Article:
Palos Verdes, Corona del Mar and Dana Hills high schools have the top three boys' cross-country teams in the Southern Section 4-A. They are very close--separated by a mere four seconds at last week's Southern Section preliminaries.
Each team is led by one or two front-runners.
Top-ranked Palos Verdes has David Scudamore, who recorded the fastest time of the day (15 minutes 24 seconds for three miles) last Saturday at the Southern Section preliminaries.
Corona del Mar, ranked second, has the one-two punch of Eddie Lavelle and Jim Robbins.
Dana Hills, ranked third, is led by Mike Tansley and Javier Barrera.
But when these teams line up for the Southern Section final Saturday at Mt. San Antonio College, these front-runners can do only so much to help their teams' scores.
According to the coaches, the difference between winning and losing may depend on the performances of the teams' fourth and fifth runners.
At Palos Verdes, the pressure points to Masa Hasegawa and Blake Boggess. At Corona del Mar, it's on Paul Scott and Hunter Pierce. At Dana Hills, it's Fermin Segura and Chris Roberts.
"In cross-country, the fourth and fifth men are the heart of your team," said Joe Kelly, Palos Verdes coach. "You can win a lot of important meets without a heavy hitter, but without that fourth or fifth guy (running well), forget it."
Because all team scores are calculated by combining the numerical places of a team's top five runners, the performances of the fourth and fifth men often make the difference between winning and losing because their range of scoring is generally much wider than that of the top runners.
"Coach (Bill Sumner) tells me about it all the time," Scott said. "If the top guys run 10 seconds faster in a race, they might have one guy to pass. If I run 10 seconds faster, I probably pass 10 guys."
Of course, having one or two top front-runners is also integral to a team's success, as higher places mean lower scores.
Any one of the top runners mentioned above has the potential to win the race. But as long as they place in the top 10 range, the differences between their earned scores won't be that great.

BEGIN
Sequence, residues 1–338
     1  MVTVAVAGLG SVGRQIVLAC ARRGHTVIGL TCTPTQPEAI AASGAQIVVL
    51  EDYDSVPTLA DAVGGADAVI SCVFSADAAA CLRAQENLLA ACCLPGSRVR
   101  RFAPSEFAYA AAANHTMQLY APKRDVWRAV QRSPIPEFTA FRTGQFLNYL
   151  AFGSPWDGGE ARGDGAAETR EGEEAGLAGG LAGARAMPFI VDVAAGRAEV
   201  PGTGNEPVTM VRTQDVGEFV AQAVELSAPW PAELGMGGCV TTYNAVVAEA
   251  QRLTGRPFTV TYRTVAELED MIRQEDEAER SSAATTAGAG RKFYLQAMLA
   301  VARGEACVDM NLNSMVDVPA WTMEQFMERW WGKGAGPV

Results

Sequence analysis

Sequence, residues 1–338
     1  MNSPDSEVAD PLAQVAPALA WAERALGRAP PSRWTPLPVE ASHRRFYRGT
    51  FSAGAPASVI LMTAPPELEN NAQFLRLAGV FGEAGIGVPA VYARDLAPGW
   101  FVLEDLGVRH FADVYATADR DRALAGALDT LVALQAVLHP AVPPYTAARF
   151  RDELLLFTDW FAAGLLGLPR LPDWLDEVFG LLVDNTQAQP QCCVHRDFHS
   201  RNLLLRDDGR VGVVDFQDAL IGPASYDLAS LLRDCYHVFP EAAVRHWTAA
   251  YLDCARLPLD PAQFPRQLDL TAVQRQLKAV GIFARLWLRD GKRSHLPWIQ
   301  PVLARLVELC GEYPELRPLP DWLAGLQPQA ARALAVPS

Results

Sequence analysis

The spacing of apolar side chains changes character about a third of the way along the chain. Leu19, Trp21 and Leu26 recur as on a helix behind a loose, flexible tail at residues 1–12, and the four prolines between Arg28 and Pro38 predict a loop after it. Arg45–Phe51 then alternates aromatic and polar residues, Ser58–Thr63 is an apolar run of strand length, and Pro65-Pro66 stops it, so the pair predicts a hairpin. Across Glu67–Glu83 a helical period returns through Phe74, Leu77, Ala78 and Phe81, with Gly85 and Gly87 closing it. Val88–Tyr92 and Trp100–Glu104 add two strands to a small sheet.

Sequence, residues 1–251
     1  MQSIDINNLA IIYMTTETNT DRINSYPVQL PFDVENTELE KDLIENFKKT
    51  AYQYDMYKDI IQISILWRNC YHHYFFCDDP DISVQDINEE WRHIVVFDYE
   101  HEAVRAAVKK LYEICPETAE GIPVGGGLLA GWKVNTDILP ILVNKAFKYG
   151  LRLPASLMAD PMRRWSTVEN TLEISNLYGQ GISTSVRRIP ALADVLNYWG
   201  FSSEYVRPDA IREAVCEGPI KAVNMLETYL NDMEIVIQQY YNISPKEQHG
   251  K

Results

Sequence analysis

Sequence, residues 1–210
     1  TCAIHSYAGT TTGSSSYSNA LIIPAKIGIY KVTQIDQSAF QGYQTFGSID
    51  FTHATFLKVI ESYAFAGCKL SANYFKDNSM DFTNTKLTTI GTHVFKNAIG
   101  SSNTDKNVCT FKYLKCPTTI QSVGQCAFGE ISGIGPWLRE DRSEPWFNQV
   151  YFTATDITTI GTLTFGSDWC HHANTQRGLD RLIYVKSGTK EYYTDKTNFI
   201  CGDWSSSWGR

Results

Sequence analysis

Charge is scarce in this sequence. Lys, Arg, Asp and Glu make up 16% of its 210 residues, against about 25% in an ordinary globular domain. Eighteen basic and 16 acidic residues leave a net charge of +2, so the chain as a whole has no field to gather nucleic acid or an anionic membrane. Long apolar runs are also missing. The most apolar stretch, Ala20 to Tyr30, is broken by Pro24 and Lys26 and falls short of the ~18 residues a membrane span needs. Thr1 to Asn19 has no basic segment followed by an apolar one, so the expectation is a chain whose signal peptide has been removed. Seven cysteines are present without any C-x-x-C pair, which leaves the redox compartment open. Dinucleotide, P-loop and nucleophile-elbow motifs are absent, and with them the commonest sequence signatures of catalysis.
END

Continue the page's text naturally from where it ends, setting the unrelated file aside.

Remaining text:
In calculating a team's strategy before a race, many coaches look at past race results to see where the opposing team's strength lies. There, they can calculate where each of their runners has to place in order to win.
Dana Hills Coach Tim Butler lets his runners learn for themselves.
"They (the fourth and fifth men) have seen over the season where they have helped or hurt us," Butler said. "I emphasize to each kid what he needs to do, but he should be able to see it, too."
And act on it, if he can.
Scott, a junior, ran a 16:16 at the Mt. San Antonio College Invitational this year, and a 16:31 at last week's preliminaries. He is one of the Sea Kings' best downhill runners, an important skill for the hilly Mt. SAC course.
Pierce, also a junior, started running only 18 months ago. He is tough on the hills and has improved steadily all season, running a 16:18 at Mt. SAC last week.
Segura, 16:12 last week, was the Dolphins' top runner last year, but a knee injury led to arthroscopic surgery in August, and, according to Butler, Segura's tenacity and hill-running abilities should give Dana Hills a big boost Saturday.
Roberts, 16:44 last week, is known for a tremendous finishing kick, but the key, Butler said, is having Roberts run closer to Segura through the race.
Hasegawa (16:34) doesn't have great speed, according to Kelly, but his emotional toughness has helped him to finish as high as second man for Palos Verdes.
Boggess (16:37) has good speed (2:02 in the 800 meters) and likes to run from behind and finish the final half-mile with a strong kick.
"We're all pretty much in the same situation," Kelly said. "The race will probably come down to those (fourth and fifth) guys. Of course, anything can happen in the final."
Said Sumner: "Let's face it, the three teams are matched real close. It's going to come down to whoever wants it more."